Milan Lucic used to square off a lot more than he does today. Why didn’t he fight on January 31st against the Sabres?
Typically, if one of your teammates gets their ass beat in a fight, the very next play, or shortly thereafter, someone responds and drops the gloves with an opposing player. Not only does this happen on the ice, but it happens on the streets, the playgrounds, school hallways, the bar, you name it. When it didn’t happen during the game last week, it concerned me. Thornton has stood up for his teammates over the past few years no matter who he had to drop the gloves with so why didn’t someone return the favor after he went down? I’m not saying that someone like Danny Paille should have dropped the gloves with Scott because he would get his ass beat as well but somebody like Lucic, Boychuck, Ference, MacDermid, Campbell, hell, even Chara should have responded and fought someone wearing blue and yellow. Not only do you respond to show that you have your teammate’s back, but you also respond to gain some momentum back and show the Sabres you aren’t scared of them.
It’s amazing to me that there was only one fight during the Sabres game, especially when it occurred less than three minutes in and both teams are loaded with players that can fight. Gregory Campbell and Steve Ott have some bad history together ever since Ott took a run at Campbell in 2009 when Campbell was on the Florida Panthers. While playing for the Bruins in 2011, Campbell responded and fought Ott in the memorable February 3rd game against the Dallas Stars which featured three different fights in the first four seconds of the game. My question is, why didn’t this team respond and fight after Thornton got knocked out of the game by Scott? Is this team not as tough as year’s past?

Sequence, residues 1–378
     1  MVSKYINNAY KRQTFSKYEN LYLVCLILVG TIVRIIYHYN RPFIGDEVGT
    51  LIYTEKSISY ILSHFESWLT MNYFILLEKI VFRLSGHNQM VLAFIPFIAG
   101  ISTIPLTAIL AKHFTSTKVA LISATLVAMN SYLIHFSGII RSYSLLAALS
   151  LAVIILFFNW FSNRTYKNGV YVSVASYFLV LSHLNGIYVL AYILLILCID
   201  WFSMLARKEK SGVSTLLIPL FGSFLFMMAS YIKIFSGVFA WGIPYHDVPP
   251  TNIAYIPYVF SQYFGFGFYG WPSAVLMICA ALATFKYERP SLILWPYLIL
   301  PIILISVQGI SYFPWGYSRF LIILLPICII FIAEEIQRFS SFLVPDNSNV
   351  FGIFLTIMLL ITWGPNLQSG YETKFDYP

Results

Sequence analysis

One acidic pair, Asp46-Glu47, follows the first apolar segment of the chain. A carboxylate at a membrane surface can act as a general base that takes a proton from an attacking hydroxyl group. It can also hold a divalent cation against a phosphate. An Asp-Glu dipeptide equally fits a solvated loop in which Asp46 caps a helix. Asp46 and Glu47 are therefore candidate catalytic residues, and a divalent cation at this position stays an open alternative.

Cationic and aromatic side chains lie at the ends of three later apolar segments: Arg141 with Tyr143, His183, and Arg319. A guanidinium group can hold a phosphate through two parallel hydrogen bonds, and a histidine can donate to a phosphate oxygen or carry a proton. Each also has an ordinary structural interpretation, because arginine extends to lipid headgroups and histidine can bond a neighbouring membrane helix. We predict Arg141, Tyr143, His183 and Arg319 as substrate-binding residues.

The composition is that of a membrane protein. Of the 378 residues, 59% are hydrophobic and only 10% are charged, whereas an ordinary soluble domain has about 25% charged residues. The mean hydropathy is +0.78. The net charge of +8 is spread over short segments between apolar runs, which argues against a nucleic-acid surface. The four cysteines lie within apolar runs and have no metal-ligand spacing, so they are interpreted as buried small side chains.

The way the game ended left a sour taste in my mouth because the Bruins got pushed around at all levels. The Sabres and coach Lindy Ruff dominated the physical and mental aspects of the game as they came in, pushed us around, outscored us, then had the audacity to call a timeout with 14 seconds left to play to rub salt in the wound. They were laughing at us and our fans as we heckled Ryan Miller for letting in four goals while Tuukka gave up six, not including the empty netter. The Big Bad Bruins typically talk the talk and walk the walk but for whatever reason, they didn’t walk the walk on January 31st. The Bruins played a solid offensive game but they were soft on defense as they continued to let the Sabres skate around the ice without paying a price. If they want to bring the Stanley Cup back to Boston this season, they have to get back to being the Big Bad Bruins that teams fear playing.
We will all be looking forward to February 10 as the Bruins visit Buffalo in what should be a wild atmosphere and the Bruins chance to respond on the Sabres home ice. However, I think they should have already responded during the first meeting on January 31st. What do you think?
You can follow Kevin Dennis on Twitter @TheRealDennyD